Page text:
Upload the archive to the server into the “/var/www/sites/” folder and unarchive it to the “wordpress” folder.

Copy the contents of the “/var/www/sites/wordpress/” root folder of the “/var/www/sites/site1/” website.

Since we copied the files via the console with root permissions, let’s change the owner of the “/var/www/sites/” folder including the contents of “virtual”. This is required to enable full access for ftp connection via the client.

cd /var/www/sites/
tar -xzvf wordpress-5.4-ru_RU.tar.gz
cp -R wordpress/* site1/
chown -R virtual:root /var/www/sites

2. Create a database for WordPress

Входим в PHPMyAdmin и нажимаем “Создать БД”. Указываем произвольное имя базы данных, в нашем случае “wordpress_db” и нажимаем кнопку “Создать”.

Create a database for WordPress

Select the new database in the left section and click “Privileges”

Create a database for WordPress

Then click “Add user account”.

Enter the login and password (wpservice / Qwe123) in the opened window, check “Grant all privileges in the wordpress_db” and click “Next”

Add user account in database for Wordpress

On the next page click “Cancel all” to reset all privileges on the database level and click “Next”.

Add user account in database for Wordpress

3. WordPress configuration on a Linux server

Go to the root directory of your website and copy the configuration file from the template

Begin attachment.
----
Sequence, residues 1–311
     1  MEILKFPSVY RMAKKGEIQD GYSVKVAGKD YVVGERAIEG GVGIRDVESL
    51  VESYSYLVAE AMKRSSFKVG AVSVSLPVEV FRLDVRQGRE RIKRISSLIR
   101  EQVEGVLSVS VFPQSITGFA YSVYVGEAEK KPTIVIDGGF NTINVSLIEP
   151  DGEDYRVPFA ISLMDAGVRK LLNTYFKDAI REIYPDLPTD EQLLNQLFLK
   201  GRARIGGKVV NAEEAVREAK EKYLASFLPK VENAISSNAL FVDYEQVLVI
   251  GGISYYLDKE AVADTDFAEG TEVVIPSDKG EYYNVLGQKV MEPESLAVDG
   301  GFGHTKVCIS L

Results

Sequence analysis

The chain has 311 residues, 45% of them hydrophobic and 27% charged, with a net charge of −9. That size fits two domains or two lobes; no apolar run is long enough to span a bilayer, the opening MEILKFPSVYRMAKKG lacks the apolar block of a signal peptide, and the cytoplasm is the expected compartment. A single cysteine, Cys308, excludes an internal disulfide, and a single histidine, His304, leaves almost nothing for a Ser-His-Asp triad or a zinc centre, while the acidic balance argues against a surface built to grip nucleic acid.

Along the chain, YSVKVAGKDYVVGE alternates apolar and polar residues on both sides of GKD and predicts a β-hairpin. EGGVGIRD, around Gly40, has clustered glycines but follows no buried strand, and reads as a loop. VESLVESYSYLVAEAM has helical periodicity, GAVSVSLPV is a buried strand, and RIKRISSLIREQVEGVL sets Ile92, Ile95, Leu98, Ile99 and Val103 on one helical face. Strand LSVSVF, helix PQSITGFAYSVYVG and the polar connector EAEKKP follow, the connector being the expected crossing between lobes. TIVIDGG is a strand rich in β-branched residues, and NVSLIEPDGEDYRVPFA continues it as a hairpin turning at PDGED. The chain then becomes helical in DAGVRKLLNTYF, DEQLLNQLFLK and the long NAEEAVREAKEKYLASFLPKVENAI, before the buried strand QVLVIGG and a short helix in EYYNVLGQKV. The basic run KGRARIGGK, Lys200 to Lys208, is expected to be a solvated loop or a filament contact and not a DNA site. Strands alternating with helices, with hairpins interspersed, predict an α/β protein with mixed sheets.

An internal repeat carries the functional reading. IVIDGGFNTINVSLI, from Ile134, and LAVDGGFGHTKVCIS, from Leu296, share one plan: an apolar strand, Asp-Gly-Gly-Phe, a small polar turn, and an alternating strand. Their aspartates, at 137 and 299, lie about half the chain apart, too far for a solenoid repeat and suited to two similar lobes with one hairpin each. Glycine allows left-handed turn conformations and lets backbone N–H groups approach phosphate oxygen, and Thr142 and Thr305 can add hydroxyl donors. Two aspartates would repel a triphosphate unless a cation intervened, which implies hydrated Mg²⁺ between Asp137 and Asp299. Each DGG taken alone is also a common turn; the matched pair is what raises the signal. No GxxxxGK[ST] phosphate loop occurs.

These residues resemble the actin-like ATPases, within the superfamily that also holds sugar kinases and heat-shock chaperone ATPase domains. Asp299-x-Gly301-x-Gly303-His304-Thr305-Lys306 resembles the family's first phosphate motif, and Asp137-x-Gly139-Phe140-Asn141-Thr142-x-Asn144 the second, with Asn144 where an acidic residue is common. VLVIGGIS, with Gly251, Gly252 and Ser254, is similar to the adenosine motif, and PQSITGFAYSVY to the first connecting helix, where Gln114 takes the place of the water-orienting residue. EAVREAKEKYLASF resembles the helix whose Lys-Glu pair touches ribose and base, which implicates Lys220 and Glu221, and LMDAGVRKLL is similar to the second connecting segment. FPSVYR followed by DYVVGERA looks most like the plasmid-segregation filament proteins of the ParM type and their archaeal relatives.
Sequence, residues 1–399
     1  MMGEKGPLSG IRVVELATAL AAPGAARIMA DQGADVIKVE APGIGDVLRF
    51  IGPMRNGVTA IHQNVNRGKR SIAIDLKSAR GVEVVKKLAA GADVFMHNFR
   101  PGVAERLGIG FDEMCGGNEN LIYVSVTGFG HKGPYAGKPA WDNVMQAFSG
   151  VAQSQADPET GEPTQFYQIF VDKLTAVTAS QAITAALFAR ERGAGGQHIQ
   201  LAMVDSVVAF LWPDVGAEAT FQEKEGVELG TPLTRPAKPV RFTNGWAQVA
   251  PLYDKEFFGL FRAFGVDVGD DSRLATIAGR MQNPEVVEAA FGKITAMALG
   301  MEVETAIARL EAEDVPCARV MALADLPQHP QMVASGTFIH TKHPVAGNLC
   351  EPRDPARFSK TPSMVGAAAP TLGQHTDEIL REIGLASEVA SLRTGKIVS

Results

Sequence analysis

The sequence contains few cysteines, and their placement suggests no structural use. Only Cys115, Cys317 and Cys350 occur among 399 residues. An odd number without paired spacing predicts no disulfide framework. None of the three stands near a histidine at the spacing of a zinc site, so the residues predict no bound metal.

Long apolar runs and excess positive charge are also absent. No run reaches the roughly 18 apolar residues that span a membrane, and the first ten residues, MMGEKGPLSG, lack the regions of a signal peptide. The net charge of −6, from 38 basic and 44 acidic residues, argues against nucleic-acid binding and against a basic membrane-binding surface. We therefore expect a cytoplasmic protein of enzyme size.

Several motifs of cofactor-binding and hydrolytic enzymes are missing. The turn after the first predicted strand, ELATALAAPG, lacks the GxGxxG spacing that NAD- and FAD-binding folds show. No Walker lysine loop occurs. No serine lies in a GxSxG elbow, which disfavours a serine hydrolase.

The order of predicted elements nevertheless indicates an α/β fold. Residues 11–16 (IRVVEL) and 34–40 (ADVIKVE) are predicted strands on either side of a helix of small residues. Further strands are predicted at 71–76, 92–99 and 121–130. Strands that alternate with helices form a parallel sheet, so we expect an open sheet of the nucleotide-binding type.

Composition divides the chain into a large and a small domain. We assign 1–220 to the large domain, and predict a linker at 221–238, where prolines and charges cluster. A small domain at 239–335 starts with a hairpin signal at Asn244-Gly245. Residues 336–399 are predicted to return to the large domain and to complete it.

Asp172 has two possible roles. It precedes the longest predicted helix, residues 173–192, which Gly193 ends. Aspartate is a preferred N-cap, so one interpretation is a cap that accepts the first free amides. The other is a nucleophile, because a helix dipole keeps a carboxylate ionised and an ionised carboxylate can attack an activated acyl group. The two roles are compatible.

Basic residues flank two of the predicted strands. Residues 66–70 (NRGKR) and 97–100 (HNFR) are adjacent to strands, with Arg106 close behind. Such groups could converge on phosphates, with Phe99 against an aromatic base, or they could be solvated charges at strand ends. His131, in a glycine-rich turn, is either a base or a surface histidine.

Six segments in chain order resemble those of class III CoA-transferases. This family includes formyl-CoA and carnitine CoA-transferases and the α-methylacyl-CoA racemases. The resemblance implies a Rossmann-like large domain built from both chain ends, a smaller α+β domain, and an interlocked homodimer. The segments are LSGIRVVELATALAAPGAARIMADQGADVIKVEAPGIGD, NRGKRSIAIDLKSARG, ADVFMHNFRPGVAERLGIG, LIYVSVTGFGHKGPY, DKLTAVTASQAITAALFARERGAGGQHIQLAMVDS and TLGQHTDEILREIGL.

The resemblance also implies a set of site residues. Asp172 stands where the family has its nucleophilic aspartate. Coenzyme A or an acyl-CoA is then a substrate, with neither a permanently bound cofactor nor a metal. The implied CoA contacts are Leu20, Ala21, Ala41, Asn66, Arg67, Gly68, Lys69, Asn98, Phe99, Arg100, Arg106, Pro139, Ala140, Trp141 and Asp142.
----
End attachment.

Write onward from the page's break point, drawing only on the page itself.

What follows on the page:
cd /var/www/sites/site1/
cp wp-config-sample.php wp-config.php

Open the “wp-config.php” file and enter the database connection parameters that we created at the previous step and save the changes.

WordPress configuration on a Linux server

4. Install CMS WordPress

Open the following link in the browser “http://[server’s_ip_address]/wp-admin/install.php”.

Fill all the fields and click “Install WordPress”. Set a random username and password. In our case, it’s wpadmin and Qwe123 accordingly.

These details will be used to access WordPress.

Install CMS WordPress on a Linux server

After you finish the installation, open the link “http://[server’s_ip_address]/wp-login.php”, enter the access details, and log in to WordPress.

Install CMS WordPress on a Linux server

You should see one of the WordPress templates on the main page.

Install CMS WordPress on a Linux server

The configuration is finished.

WordPress access details:

  • http://[server’s_ip_address]/wp-login.php
  • Login: wpadmin
  • Password: Qwe123